South Korea extended the streak of job losses to eight months in October, amid the prolonged coronavirus pandemic crisis, according to government data released last week. The number of employed people in the country shrank by 421,000 from a year earlier to 27.09 million last month.
The jobless rate rose by 0.7 percentage point on-year to 3.7 percent, the highest figure for October in two decades. The number of unemployed people here stood at 1.03 million last month, up 164,000 from a year earlier, as almost all age groups reported rises in joblessness.
The unemployment rate for young adults -- those aged between 15 and 29 -- reached 8.3 percent last month, up 1.1 percentage points from the year before. The actual youth unemployment rate, which counts in those who work less than 36 hours per week or have looked for a job unsuccessfully for the past four weeks, soared to 24.4 percent, the highest since the state statistics agency began compiling related data in January 2015.
Even considering the impact of the COVID-19 pandemic on the labor market, the latest job figures should embarrass the Moon Jae-in administration, which has vowed to put a top policy priority on creating more jobs. The first executive order issued by Moon after he took office in May 2017 was to set up a presidential commission on job creation.
Commenting on the employment data for October, however, Finance Minister Hong Nam-ki, who doubles as deputy prime minister for economic affairs, said it was fortunate that the seasonally adjusted number of employees bounced back last month.
The steep worsening of the job market cannot be covered up by singling out an insignificant indicator that has turned positive.
It is clear that ill-conceived policies implemented by the Moon administration over the past 3 1/2 years were mainly responsible for the deteriorating employment conditions.
A sharp increase in the minimum wage and a shortened workweek have increased labor costs, resulting in a massive loss of jobs particularly at small and medium-sized enterprises.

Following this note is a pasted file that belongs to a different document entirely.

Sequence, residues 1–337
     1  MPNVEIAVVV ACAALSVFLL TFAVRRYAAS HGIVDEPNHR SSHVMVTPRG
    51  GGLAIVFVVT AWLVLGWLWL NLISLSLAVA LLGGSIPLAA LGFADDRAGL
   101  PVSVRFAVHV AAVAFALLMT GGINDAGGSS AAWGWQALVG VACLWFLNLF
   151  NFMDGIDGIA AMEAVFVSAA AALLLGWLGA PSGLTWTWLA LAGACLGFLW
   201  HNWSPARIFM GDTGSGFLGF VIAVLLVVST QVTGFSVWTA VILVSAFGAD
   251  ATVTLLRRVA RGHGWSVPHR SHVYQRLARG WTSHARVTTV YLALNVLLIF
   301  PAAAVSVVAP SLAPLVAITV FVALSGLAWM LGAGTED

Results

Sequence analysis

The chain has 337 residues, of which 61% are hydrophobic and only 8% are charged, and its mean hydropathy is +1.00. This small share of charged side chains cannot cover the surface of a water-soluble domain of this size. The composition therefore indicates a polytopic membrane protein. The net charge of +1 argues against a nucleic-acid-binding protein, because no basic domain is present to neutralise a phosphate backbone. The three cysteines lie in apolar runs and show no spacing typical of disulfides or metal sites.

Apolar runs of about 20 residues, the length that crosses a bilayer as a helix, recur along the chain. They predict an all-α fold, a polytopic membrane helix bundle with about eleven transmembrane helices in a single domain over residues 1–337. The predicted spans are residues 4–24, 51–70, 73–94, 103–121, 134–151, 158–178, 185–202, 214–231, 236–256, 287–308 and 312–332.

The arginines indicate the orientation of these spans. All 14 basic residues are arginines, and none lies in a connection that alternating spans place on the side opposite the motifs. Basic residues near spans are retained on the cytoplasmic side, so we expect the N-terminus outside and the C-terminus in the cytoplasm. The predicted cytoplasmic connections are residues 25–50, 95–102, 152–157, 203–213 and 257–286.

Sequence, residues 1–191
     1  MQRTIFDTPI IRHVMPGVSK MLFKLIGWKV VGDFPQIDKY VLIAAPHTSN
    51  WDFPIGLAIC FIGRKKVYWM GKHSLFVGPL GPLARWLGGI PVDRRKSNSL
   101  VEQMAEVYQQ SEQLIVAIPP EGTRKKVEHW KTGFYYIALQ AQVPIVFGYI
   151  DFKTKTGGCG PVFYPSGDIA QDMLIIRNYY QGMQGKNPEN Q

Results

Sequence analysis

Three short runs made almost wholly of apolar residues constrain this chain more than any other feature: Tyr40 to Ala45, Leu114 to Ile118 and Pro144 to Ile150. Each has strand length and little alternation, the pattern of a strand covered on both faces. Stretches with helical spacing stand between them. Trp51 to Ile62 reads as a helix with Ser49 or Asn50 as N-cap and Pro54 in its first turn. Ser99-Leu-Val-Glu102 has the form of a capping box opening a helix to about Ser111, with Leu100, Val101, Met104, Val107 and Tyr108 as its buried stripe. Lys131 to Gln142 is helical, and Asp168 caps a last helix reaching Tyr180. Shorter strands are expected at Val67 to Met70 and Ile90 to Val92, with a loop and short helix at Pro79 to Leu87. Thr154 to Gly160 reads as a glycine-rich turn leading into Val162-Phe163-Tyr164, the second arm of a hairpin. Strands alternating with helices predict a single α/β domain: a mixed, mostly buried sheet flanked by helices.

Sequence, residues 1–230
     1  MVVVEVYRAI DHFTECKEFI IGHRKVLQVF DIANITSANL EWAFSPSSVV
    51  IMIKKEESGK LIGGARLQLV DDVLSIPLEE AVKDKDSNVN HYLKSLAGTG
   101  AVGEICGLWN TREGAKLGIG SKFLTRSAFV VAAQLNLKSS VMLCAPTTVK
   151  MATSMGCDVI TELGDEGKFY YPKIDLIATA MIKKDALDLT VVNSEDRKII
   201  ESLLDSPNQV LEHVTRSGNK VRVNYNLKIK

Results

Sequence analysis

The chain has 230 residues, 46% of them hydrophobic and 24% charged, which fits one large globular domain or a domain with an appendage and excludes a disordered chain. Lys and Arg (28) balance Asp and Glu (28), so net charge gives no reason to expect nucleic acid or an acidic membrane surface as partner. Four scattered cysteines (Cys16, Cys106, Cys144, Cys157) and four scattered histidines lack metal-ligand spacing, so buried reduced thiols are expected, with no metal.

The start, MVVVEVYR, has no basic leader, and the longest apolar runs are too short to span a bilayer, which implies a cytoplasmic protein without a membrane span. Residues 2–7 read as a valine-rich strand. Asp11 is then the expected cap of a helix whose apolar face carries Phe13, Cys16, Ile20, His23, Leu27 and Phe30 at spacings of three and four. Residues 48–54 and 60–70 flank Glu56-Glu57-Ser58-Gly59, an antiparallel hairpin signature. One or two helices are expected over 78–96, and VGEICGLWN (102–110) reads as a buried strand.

A string of regulatory measures has sapped corporate activity even before the COVID-19 outbreak here early this year, hampering private firms from increasing investment and employment.
The Moon administration’s push to create short-term temporary jobs with taxpayers’ money has reached its limit. Moreover, most such jobs have gone to senior citizens, with woes faced by jobless young people having only increased.
Data from Statistics Korea showed the number of employees in their 20s fell by 210,000 from a year earlier in October, the sharpest monthly decline since January 2009.
Nearly 290,000 people aged between 25 and 39 who graduated from or attended college have never landed a job. The figure, which represents a 24.2 percent on-year increase, is the highest since related data was first compiled in 2000.
Concerns are rising that these young people who have been out of work for a long time might become a “lost generation” in Korean society.
Jobless youths tend to postpone or give up marriage, further pushing down the country’s birthrate, which has been among the world’s lowest in recent years. This will result in weakening the country’s competitiveness and growth potential in the long term.
The Moon administration and the ruling Democratic Party of Korea are urged to make a fundamental policy shift to improve the worsening job market and provide young people with more job opportunities.
Focus should be put on carrying out regulatory and labor reforms to encourage private firms to increase investment and hire more workers.
The employment statistics released last week showed jobs disappeared across the board from the private sector in October, while the public sector gained jobs.
The manufacturing industry shed 98,000 jobs on-year last month, with the accommodation and food service segment and the wholesale and retail sector losing 227,000 and 188,000 jobs, respectively. To the contrary, the public administration sector gained 123,000 jobs and the social welfare segment added 105,000 positions.
This is no time to continue to gloss over the aggravating employment conditions by suggesting selected figures or adhering to wishful thinking about the future of the economy.
For the remainder of his term, Moon should prove he is genuinely prioritizing job creation by discarding his administration’s misguided policies.